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43 Victorian Things: Schaffer Works Cited Ames, Kenneth L. Death in the Dining Room and OtherTales of Victorian Culture. Philadelphia: Temple UP, 1992. Browning, Elizabeth Barrett. Aurora Leigh. Ed. Margaret Reynolds. Rev. ed. 1859. NewYork: Norton, 1996. Catalogue of the Great Exhibition. London: Spicer Brothers, 1851.Vol 2: iii, nos. 144, 561. Chevreul, Michel. The Principles of Harmony and Contrast of Colours.Trans. Charles Martel. 3rd ed. London: Henry G. Bohn, 1859. Davidoff, Leonore, and Catherine Hall.“The Hidden Investment:Women and the Enterprise.” Women’s Work:The English Experience 1650-1914. Ed. Pamela Sharpe. London: Arnold, 1998. 239–94. Englishwoman’s Domestic MagazineVol 1, 3rd Series (August 1865): 255; (March 1869): 124–26. Freedgood, Elaine. The Ideas inThings: Fugitive Meaning in the Victorian Novel. Chicago: U of Chicago P, 2006. G.A.“Decorative Decorations.” Cornhill Magazine 42 (1880): 599. Hay, David Ramsay. The Laws of Harmonious Colouring,Adapted to Interior Decorations,Manufactures,and Other Useful Purposes. 3rd ed. Edinburgh:W. & R. Chambers, 1836. Lady’s Album of Fancy Work. London: Grant & Griffith, 1850. Lambert, Miss. The Handbook of Needlework. London: John Murray, 1842. Logan,Thad. The Victorian Parlour. Cambridge: Cambridge UP, 2001. Morris, Barbara. Victorian Embroidery. London: Herbert Jenkins, 1962. Stone, Elizabeth. The Art of Needle-Work From the Earliest Ages. London: Henry Colburn, 1840. • Cemetery J u lie Rug g • The Victorian city, which massed people on a hitherto unimaginable scale, contained elements that were intended to promote classical civility in its residents. Civic building was pedagogic as well as functional, and aimed to nurture—in town halls, market places, function rooms, and libraries— ordered and educated citizens.The demarcation of space could both promote and exclude, and new building to celebrate civic ethos was accompanied by the containment of social ills in prisons and workhouses.The cemetery constituted a distinctive addition to theVictorian city, blending the two principles of civility and containment in a new landscape form. It is not new to consider theVictorian cemetery as a material object. Much of the literature relating to cemeteries lies in the field of architectural and landscape history.This stream of research has traced the development of particular aesthetics and contributed to an understanding of the ideals underpinning new cemetery development. However, research into the history of an object should travel beyond its design and construction and consider its meaning and usage.The cemetery is a Victorian thing of remarkable complexity, with victorian review • Volume 34 Number 1 44 shifting purposes and connotations that carry it far beyond its basic function as a repository for the dead.Through the course of the nineteenth century, the cemetery as an object changed from an innately desirable civic adornment denoting sensitivity to a symbol of unfettered urban sprawl. Both these meanings framed and reflected change in funerary culture. It is perhaps appropriate to begin by outlining the reason why theVictorian cemetery was such a departure as a “thing.” In Britain, cemeteries were evident before theVictorian period. In the eighteenth century, isolated examples included the site on Edinburgh’s Calton Hill. However, a substantial cultural shift in favour of cemeteries emerged from the 1820s and found its full flourishing in the two middle quarters of the century. During this time the United Kingdom saw the laying out of hundreds of cemeteries, the majority still in use. The cemetery constituted the first conscious attempt to produce and design a landscape suitable for the interment of all the dead of the community, both rich and poor. For centuries past, space for interment in Britain had been largely dominated by churchyards owned and operated by the Established Church. Dissenting communities shadowed this provision, by having interment in the vaults or precincts of chapels or—in some cases—opening small separate burial grounds. The cemetery was a new departure. From the 1820s, rapidly growing and politically confident Dissenting communities in the provinces began to view Church control of burial space as an onerous imposition. Dissenting communities in Manchester, Liverpool, and Norwich began to explore the opportunities offered by the application of the principles of joint-stock finance to the need for burial space that was wholly independent of the Established Church.The sale of shares To the Chairman and...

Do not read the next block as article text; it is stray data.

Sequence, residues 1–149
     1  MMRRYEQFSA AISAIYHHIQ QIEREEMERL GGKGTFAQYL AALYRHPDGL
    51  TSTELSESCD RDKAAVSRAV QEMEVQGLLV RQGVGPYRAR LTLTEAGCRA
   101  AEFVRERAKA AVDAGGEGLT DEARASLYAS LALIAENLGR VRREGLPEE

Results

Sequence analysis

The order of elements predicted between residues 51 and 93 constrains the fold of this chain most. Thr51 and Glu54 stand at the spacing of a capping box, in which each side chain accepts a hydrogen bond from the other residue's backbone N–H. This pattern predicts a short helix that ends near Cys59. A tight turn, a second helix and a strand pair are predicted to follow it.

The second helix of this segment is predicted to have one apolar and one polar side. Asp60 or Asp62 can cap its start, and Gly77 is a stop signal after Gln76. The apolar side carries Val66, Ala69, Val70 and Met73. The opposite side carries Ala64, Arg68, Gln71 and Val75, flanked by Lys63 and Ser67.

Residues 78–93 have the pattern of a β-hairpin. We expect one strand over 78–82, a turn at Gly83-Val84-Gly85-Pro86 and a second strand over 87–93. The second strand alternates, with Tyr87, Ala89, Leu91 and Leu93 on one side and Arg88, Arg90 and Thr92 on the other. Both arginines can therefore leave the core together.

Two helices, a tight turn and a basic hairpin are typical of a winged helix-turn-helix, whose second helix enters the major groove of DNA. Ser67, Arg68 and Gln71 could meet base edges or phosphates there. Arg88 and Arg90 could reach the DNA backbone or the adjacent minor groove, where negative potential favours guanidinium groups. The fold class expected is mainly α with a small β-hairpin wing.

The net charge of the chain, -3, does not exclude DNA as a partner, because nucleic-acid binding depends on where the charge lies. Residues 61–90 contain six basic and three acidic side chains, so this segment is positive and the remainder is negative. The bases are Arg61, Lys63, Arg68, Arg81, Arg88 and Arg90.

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Additional Information

ISSN
1923-3280
Print ISSN
0848-1512
Pages
pp. 43-47
Launched on MUSE
2015-10-07
Open Access
No
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